Continued from Part 1…
Wholesome cuteness and fun all rolled in one, that’s how I’d describe Hello Kitty Island. Being an ardent Hello Kitty fan, I’ve been to Sanrio Hello Kitty Town in Malaysia (new but rather small) and Sanrio Puroland in Tokyo (big but rather old). Among these three, I love Hello Kitty Island in Jeju the most – it’s big, clean and new!
After indulging in a dose of cuteness, we went for lunch. Lunch of the day was black pork BBQ – meat of the Jeju black pig, which is one of the famous food here. Just like your usual Korean BBQ, you can choose to eat it wrapped in a lettuce.
Tender with a firm bite, and although it was grilled without any marination, the meat was delicious on its own. I’m not a pork lover, but I find that black pork tastes better than regular pork. The Jeju black pork is said to be very nutritious too.
After lunch, we made a brief stop at Jeju Orange Chocolate Factory. It was a Sunday, so the factory was not operating. We were given an introduction of the chocolate manufacturing process. Jeju is famous for its tangerine – they are big and super sweet. White chocolate coated on thin slices of tangerine tastes really fantastic. The chocolate costs 10,000 won per box (~SGD12) of 10pcs – not cheap though.
Next, we went to Seongeup Folk Village. Located at the foot of Halla Mountain (the highest mountain in South Korea), it’s a small town that holds a vast amount of culture such as the abundance of black lava rocks scattered on the ground and even used in their houses, the abundant display of stone grandfather statues called harubangs, the distinctive conventional “restrooms” and the local black-haired pigs.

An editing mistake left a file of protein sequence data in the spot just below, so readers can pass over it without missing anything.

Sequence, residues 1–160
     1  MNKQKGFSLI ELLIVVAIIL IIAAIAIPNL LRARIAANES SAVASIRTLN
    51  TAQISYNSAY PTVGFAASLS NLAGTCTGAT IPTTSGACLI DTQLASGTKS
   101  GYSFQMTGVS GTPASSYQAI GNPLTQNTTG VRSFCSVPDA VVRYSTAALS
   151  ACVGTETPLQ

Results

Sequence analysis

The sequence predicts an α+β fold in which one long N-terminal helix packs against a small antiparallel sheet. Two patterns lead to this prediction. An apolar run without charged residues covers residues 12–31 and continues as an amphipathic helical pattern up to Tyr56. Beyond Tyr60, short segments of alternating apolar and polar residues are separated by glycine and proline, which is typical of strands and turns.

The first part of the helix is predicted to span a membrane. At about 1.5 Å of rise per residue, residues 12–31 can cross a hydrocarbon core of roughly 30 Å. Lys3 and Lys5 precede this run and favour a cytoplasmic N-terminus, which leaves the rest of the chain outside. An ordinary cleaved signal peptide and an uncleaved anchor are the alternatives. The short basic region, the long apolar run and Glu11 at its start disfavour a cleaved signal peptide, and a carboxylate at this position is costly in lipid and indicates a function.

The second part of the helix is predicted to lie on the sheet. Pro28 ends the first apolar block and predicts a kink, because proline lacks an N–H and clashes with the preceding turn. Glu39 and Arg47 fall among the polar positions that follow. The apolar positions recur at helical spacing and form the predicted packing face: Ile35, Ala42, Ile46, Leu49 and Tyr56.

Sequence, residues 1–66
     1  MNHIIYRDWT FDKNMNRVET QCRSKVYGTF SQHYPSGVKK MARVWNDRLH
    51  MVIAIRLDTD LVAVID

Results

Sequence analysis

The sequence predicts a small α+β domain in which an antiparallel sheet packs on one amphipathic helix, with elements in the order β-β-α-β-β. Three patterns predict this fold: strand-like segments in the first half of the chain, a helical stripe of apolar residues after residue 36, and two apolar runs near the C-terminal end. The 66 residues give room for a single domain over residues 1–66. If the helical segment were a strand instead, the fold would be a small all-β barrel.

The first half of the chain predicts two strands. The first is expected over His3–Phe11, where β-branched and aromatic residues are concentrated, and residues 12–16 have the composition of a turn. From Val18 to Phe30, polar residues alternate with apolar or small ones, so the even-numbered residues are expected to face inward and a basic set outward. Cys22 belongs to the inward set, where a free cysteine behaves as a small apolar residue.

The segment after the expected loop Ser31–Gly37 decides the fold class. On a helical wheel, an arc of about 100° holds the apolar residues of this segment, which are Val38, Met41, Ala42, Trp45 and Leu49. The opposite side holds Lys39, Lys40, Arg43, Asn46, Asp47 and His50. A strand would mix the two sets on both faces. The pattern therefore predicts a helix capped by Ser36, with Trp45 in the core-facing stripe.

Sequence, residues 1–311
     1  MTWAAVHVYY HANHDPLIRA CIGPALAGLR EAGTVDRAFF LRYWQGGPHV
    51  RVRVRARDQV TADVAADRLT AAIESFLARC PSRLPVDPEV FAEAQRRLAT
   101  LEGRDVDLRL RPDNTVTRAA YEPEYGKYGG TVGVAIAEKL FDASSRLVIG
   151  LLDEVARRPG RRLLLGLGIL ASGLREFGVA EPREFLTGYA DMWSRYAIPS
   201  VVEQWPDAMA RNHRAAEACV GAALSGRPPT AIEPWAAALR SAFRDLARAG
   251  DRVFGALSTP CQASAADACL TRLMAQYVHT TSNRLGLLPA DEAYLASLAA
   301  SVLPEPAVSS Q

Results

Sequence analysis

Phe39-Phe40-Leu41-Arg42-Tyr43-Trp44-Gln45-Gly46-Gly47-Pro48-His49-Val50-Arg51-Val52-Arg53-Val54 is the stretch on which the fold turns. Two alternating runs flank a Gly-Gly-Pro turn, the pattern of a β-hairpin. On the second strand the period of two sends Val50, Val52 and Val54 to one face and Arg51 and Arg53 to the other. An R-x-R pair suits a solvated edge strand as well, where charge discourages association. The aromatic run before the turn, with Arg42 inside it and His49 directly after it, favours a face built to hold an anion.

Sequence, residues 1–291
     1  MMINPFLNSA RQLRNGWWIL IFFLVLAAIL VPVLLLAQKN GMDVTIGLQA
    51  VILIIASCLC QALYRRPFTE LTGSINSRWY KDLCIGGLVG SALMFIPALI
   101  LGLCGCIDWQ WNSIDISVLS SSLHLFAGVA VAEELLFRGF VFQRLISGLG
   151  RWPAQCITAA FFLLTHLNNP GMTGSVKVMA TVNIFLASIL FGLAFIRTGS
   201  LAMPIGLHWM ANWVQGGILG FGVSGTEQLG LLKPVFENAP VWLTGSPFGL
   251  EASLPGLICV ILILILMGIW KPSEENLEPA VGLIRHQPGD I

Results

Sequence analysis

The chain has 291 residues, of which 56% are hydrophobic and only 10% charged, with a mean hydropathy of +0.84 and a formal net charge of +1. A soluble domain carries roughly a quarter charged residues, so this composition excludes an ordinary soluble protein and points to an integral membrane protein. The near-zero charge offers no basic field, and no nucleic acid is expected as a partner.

Yup, that’s the kind of black pig that we had for lunch just now. Haha! Luckily, I saw it after I ate, else I would have lost my appetite. Lol.
For those of you who have watched Dae Jang Geum, numerous scenes from the famous drama were shot here.
Seongeup Folk Village
Address: 104, Seongeupjeonguihyeon-ro, Seogwipo-si, Jeju-do
Our next destination was Seongsan Sunrise Peak. Seongsan Ilchulbong (name in Korean) rose from under the sea in a volcanic eruption over 100,000 years ago. There is a huge crater at the top of the peak. The crater is about 600m in diameter and 90m high. With the 99 sharp rocks surrounding the crater, it looks like a gigantic crown. The sunrise from the crater is said to be magnificent.
While the southeast and north sides are cliffs, the northwest side is a verdant grassy hill that is connected to the Seongsan Village. The ridge provides an ideal spot for walks and for horse riding as well.
Hiking up Seongsan Ilchulbong was surprisingly quite manageable. The hiking trails were easy to follow, coupled with nice and cool windy weather. Our tour guide told us that it takes ~20 minutes to walk up to the peak without stopping for rest. Unfortunately, we didn’t get to the peak because it was drizzling.
Definitely a place worth visiting and it’s popular among tourists too. Selected by UNESCO as a World Heritage Site, this place will enchant you with the magnificent view sculpted by Mother Nature. You can find several cosmetics brands like Innisfree and Nature Republic nearby. There is also Lotteria, a burger chain and Dunkin Donuts with Starbucks.
Seongsan Sunrise Peak
Address: 284-12, Ilchul-ro, Seongsan-eup, Seogwipo-si, Jeju-do
Our last destination was Dragon Head Rock. As its name suggests, the rocks here look like a dragon’s head, created by strong winds and waves over thousands of years.
Yongduam Rock (Dragon Head Rock)
Address: Yongdamroteo-ri Yongdam-2dong, Jeju-si, Jeju-do
Dinner was one of the BEST in our entire tour. We had seafood steamboat. There was an optional upgrade of 35,000 won per person for sashimi with abalone. Everyone in our group opted for the upgrade, which was absolutely delicious.
The meal started with yummy abalone porridge. We get to savor live seafood sashimi, abalone, sea cucumber, oysters, prawns, fish, and lots of side dishes such as egg roll. It was my first time seeing a live abalone. We’ve no guts to eat them alive, so we put them into our steamboat pot.
V also tried eating a live octopus. It totally freaked me out. The lady restaurant owner took a live octopus for all of us to try. She cut them into small pieces and served with its arms still squirming. Yikes! And V said it was such an intriguing experience for him.
After dinner, we took a stroll before heading back to Jeju Oriental Hotel.
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